Bikes don’t often look like this. Looking more like a sculpture than a bike, I’d gladly park this custom Honda CX500 in my living room as a modern art piece.
Dotto Creations was started by two Italian designers who met and used to work for the Pininfarina house. Gianluca Bartolini and Francesco Iannuzzi met in Pininfarina’s Cambiano headquarters and have about twenty years of experience under their belt.
To be completed in November of 2021, their latest creation is funnily a Japanese bike with some rather “Italian-inspired” elements. Honda’s CX500 has a longitudinal V-twin engine that was “heavily influenced” by the longitudinal V-twins found in Moto Guzzi’s bikes.
What this is, or was rather, is a 1979 Honda CX500 that was completely stripped and dressed in some of the most bespoke bodywork I’ve ever seen on a custom build. The project’s name is “Binacaneve,” which translates to Snow White.
The bike was completely stripped before going under the knife. Instead of boosting performance, Gianluca and Iannuzzi decided to restore the parts, and keep most of the original working components of the bike as original as possible save for pod filters. The V-twin was refreshed along with its carburetors, and the same five-spoke Comstar wheels were retained in the final build.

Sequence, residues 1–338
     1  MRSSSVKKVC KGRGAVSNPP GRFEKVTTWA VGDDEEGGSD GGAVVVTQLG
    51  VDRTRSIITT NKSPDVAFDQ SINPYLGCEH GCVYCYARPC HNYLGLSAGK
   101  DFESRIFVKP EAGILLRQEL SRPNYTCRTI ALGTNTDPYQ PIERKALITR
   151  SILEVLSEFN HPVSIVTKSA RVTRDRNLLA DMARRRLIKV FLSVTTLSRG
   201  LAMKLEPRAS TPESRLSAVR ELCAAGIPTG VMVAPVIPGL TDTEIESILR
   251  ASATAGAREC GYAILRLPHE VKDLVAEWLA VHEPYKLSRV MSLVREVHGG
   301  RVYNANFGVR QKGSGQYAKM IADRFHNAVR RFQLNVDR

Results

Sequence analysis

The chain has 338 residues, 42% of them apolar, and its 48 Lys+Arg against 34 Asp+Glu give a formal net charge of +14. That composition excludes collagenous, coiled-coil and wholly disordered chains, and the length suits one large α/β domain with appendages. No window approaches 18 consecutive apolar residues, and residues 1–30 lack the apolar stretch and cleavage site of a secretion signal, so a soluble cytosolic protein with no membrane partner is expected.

The real story lies in its bodywork, where the tank all the way to the tail section features an extremely minimal design. The goal of this design by Dotto Creations was to reduce visual mass and to give the bike a sportier demeanor. To achieve this, a lot of the extra bodywork was reduced and trimmed away. The rear tail section sees no mudguard or overhang. The frame has been cut and it creates this ultra-minimalist look that makes the build look like it’s straight out of some sci-fi movie.
I thought that the rider would have to perch himself on top of the bike’s bodywork, but the designers put hinges on the rear tail section of the bike allowing it to move out of the way and reveal a saddle to sit on. According to Gianluca, a motorcycle is best observed or admire a motorcycle would be when it is stationary, and to their credit, it worked. The bike looks absolutely stunning without a rider in it and when that cowl hides the seat.
So yeah, the bike is still a bike. You can still ride it, but personally, it’ll look much better parked as a modern work of art, don’t you agree?
Sources: Return of the Cafe Racers, Dotto Creations